Abigail: Definitely. And Louise, drawing back on the wider geopolitical influences on cyber attack activity, what does it mean for organisations in terms of election hacking?
Louise: Absolutely. I think it’s an important distinction to make. So, election hacking obviously specifically targets democratic processes. But actually, a lot of the techniques and tools that are used in this kind of activity are actually sector agnostic and are therefore pertinent to a variety of other organisations or sectors as well. So, for example, this might be the use of spearphishing emails for example, so targeting a specific individual, or spoofed emails. When it comes to disinformation or so-called fake news, one of the things to think about is also the bots. So, these are social media accounts for example that are actually driven by computer scripts rather than a legitimate human user, and these can be used to flood social media with specific hashtags. This is a really interesting way that actually an attacker could potentially damage the reputation of an organisation without having to do any technical hacking.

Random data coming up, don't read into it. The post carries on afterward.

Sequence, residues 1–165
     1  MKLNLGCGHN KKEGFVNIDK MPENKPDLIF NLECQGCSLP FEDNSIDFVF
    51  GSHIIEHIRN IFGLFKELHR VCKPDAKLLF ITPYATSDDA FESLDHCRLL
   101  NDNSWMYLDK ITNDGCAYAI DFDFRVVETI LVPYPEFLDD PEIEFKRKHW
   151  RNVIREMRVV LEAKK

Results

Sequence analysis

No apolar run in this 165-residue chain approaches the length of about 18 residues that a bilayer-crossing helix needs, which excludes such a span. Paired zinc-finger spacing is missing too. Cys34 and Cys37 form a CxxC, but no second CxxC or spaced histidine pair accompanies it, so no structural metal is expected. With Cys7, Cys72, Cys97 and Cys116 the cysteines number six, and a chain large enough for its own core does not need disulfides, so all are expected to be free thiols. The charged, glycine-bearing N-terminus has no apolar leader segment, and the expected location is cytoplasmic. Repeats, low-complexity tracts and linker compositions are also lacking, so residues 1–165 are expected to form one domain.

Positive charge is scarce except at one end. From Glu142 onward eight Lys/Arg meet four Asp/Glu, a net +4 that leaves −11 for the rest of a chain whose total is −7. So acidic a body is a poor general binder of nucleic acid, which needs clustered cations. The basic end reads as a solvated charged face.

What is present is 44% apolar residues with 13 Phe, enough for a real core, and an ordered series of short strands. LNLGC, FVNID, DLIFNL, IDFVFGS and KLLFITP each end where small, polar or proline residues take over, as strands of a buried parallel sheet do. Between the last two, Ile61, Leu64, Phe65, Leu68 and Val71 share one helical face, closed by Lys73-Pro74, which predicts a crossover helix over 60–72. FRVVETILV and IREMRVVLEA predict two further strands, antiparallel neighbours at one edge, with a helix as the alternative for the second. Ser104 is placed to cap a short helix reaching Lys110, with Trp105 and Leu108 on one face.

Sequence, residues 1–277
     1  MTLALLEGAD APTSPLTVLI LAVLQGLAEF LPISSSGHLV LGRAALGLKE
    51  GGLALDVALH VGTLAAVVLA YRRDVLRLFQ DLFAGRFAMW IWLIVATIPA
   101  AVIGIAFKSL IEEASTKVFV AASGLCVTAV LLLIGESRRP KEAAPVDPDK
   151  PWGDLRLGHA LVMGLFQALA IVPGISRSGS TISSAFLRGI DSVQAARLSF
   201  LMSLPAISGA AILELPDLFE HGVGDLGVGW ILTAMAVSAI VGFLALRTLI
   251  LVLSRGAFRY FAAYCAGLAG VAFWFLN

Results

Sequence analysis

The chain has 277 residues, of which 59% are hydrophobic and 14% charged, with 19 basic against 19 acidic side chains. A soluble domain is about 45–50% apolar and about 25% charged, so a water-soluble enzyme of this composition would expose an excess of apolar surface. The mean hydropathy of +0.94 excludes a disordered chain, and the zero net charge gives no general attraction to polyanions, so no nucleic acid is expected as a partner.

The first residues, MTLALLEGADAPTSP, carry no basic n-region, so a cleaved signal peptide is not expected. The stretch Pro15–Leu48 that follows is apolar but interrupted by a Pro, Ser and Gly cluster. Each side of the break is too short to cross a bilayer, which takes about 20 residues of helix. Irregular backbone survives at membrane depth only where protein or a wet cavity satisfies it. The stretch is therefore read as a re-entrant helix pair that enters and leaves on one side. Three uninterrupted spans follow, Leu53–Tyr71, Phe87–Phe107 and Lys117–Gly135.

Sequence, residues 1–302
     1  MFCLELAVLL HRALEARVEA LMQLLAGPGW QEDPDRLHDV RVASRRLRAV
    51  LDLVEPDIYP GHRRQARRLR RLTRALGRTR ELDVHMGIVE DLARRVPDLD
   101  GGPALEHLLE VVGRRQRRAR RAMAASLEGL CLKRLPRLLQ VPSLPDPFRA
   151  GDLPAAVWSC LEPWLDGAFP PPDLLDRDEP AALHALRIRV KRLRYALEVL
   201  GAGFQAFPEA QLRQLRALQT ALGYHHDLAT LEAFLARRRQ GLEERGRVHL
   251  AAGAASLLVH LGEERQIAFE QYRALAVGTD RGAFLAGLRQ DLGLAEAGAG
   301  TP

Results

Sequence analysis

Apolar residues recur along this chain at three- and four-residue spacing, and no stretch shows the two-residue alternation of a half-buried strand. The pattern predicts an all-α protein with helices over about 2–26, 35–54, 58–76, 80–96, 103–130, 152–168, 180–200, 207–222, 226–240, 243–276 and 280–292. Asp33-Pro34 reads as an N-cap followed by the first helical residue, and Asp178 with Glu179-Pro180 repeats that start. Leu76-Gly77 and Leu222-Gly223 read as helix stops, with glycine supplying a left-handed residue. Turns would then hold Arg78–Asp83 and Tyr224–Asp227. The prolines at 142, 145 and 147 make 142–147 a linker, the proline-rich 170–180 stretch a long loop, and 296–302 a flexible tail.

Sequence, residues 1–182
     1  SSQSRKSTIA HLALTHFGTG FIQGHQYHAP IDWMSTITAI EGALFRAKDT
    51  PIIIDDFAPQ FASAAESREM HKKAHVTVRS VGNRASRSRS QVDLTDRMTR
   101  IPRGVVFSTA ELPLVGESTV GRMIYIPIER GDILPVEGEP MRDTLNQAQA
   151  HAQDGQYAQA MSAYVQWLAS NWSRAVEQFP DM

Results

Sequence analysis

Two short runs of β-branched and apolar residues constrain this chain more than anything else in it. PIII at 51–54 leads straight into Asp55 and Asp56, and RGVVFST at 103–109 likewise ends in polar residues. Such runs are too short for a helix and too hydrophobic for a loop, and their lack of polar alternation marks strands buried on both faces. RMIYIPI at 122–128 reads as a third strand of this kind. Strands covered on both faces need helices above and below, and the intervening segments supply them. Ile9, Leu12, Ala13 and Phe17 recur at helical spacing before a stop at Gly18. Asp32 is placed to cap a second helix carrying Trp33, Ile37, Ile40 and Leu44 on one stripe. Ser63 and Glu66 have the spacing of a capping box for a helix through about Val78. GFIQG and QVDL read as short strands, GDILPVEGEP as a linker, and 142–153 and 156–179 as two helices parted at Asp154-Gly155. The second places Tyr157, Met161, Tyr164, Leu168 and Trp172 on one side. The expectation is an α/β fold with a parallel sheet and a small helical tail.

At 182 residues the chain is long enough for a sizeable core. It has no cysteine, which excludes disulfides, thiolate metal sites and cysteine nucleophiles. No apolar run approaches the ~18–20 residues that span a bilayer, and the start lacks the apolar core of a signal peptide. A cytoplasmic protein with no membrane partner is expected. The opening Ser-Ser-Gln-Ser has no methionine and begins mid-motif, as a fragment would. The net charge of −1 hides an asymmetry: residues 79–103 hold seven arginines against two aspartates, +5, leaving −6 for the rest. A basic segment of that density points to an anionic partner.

Abigail: Great. So, it sounds like the geopolitical influences on attack activity, it’s a great chance for organisations to self-reflect on their own defences and take action as they need to. I’m wondering, back to Rachel, if you have anything to add to that in terms of the level of sophistication that you’re seeing attackers using?